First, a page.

Among the international news hogging the limelight this week is British Prime Minister David Cameron's visit to India to turn his vision of "a strategic relationship" with "one of the world's fastest growing economies" into reality. What seems to have escaped the international media's prying eyes (rather what they seem to have happily lent a blind eye to) is what the Indian press calls the "generation gap".
Before we jump to any conclusion, let me be clear that this is no comment on (nor criticism of) the state of affairs prevailing across many parts of the world, and less so on the "changed reality" in India and Britain.
But it is no serendipity I'm talking about. Amid the hullabaloo over the visit of Cameron and his 90-member team to India, something important (to some, something ominous) seems to have been ignored by everyone, especially the media. In fact, the media outlets that have reported the rather radical shift in protocol have chosen to laud it.
All those who sang paeans to the high merits of democracy, and hence purported to worship the hoi polloi and vox populi, seem to be writing an anthem to the power of money. If they are trying to say that in this age of globalization, power comes from money, and not the other way round, they are stating the obvious.
Returning to the "unfortunate discovery" (hence, not serendipity), before Cameron's visit, one Indian newspaper reported: "Osborne and Cameron have expressed a desire to meet not just government officials but a whole cross-section of Indians during the July 28-29 visit. It's an uncommon request that New Delhi seems to have accepted."
George Osborne, Britain's chancellor of the exchequer, "attended dinners hosted by some of India's leading socialites (captains of industries)" rather than by Indian ministers with Cameron also "dropping by" at the events.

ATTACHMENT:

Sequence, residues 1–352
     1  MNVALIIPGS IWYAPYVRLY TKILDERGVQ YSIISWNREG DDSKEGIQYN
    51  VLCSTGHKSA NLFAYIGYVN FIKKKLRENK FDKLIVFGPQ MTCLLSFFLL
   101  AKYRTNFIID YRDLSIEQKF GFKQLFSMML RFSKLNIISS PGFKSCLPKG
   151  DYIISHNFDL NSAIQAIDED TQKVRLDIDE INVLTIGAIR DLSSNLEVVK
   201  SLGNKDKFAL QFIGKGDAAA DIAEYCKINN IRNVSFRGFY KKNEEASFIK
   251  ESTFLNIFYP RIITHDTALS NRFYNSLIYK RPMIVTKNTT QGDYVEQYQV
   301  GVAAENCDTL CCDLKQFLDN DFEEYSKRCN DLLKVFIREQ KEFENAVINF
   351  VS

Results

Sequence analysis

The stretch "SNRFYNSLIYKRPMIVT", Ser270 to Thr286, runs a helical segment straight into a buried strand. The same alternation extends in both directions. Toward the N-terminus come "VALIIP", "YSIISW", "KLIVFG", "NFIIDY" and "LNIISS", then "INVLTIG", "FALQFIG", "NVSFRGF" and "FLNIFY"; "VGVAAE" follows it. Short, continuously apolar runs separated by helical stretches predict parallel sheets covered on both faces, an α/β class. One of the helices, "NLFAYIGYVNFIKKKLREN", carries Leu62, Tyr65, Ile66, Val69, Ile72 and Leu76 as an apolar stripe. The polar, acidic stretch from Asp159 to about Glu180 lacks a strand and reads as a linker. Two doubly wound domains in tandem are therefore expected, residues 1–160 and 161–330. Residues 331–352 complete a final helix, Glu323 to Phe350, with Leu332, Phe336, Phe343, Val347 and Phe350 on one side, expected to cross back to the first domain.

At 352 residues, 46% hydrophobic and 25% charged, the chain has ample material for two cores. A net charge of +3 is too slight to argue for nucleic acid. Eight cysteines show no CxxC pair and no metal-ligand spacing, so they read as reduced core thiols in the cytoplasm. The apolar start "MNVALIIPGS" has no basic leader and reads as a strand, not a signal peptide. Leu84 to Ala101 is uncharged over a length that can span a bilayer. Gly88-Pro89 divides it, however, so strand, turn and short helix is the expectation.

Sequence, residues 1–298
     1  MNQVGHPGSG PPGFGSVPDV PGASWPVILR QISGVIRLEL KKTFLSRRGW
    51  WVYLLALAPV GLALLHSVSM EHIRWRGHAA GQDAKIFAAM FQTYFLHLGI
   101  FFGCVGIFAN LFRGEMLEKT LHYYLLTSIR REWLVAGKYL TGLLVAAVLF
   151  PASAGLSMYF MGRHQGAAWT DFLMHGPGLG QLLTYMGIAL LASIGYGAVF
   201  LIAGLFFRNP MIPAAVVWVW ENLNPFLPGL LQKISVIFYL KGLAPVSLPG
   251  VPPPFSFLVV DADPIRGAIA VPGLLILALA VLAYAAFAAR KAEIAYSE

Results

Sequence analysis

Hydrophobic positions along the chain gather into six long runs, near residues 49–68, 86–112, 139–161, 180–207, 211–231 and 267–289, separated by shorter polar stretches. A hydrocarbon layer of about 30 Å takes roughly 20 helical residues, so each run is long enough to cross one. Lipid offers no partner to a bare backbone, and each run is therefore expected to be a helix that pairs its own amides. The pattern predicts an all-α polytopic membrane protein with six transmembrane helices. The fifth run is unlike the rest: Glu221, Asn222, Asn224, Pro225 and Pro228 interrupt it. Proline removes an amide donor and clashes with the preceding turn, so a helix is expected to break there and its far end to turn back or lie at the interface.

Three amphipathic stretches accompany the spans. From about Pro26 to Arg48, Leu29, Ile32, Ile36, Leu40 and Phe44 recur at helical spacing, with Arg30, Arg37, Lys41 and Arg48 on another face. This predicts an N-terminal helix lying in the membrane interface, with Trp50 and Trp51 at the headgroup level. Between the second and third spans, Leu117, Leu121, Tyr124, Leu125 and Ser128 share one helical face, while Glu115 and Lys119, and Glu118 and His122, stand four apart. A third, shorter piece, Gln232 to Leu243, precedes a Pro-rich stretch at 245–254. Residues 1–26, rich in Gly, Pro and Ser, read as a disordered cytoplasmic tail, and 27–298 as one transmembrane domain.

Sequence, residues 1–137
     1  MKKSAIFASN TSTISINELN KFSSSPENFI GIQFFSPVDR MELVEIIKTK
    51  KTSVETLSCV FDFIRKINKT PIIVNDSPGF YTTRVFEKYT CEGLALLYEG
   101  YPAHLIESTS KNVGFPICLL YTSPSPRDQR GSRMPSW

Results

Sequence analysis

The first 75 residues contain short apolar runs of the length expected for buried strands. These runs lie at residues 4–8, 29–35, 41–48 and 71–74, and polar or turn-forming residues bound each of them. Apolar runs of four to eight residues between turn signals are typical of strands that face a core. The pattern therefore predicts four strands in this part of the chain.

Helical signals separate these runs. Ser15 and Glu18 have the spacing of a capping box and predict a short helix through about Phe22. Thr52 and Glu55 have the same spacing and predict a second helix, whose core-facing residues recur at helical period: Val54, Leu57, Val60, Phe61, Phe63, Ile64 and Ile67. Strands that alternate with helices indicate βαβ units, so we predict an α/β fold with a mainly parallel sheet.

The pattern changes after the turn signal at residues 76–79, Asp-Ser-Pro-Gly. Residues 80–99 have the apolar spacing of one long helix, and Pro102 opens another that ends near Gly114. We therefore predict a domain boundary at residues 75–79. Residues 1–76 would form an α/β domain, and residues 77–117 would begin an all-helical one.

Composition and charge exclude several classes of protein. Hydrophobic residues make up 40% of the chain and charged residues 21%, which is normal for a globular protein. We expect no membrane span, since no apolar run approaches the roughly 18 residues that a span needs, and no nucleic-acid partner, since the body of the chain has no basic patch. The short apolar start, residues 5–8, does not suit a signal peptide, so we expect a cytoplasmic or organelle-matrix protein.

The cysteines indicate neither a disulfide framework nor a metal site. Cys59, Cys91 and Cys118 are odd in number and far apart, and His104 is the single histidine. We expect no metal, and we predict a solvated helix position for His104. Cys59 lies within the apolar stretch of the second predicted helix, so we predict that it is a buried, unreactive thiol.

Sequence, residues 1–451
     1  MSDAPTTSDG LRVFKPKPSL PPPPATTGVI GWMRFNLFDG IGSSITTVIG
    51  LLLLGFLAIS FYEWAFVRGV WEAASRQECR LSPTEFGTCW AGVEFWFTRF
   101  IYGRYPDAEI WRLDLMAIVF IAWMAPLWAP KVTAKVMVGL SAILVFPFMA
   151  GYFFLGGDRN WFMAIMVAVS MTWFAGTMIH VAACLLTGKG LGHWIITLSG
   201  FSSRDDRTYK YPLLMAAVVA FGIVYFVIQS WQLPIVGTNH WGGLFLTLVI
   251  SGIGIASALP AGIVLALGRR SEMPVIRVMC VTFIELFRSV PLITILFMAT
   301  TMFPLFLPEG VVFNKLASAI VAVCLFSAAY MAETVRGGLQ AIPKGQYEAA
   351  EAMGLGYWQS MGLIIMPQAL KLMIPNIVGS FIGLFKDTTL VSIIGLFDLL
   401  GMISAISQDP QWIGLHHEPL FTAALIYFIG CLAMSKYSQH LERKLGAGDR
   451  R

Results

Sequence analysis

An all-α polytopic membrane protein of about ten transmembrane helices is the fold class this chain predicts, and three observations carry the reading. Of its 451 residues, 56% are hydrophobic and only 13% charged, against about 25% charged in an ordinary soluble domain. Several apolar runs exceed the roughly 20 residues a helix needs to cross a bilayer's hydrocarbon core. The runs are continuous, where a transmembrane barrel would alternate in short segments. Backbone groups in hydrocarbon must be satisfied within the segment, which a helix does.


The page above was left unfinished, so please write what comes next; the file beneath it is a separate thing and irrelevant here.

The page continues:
It might not have been a breach of (foreign policy) protocol, but it was pretty much unprecedented, at least in India. And it points to the power that the corporate world exercises over many of the governments across the world.
If there still was any doubt about that, one Indian government source laid it to rest, saying: "This is a changed world and not everything happens with governments or their representatives In fact, more and more of the action lies outside government. That is a section the British are also very keen to interact and engage with."
Of course, Indian Prime Minister Manmohan Singh hosted a lunch for Cameron and his Cabinet colleagues in New Delhi on July 28. But the importance the British delegation (and, by default, the Indian leaders) has attached to the corporate world (the socialites who hosted the dinners for Osborne are either kin of or advisers to powerful businessmen) leaves no doubt what the focus of the world powers' new realpolitik is.
And if anyone still has doubts about the power that corporate houses exercise on many governments across the world (developed and developing both), he should look beyond the media. The international media are as good or bad as the corporate houses that control them or dictate rules to them are. Nothing, well almost nothing, escapes the hawkish eyes of these corporate houses and they are ready to pounce upon anything and anyone going against their interests. And all this while, they never tire of talking about the sanctity of the media and merits of democracy.
Only time will tell whether India and Britain have set up a second line of communication, but they have certainly rewritten the rules of governance and diplomacy and set a disturbing precedence (or should we say they have disclosed something the world always knew).
The author is a senior editor of China Daily. He can be reached at email@example.com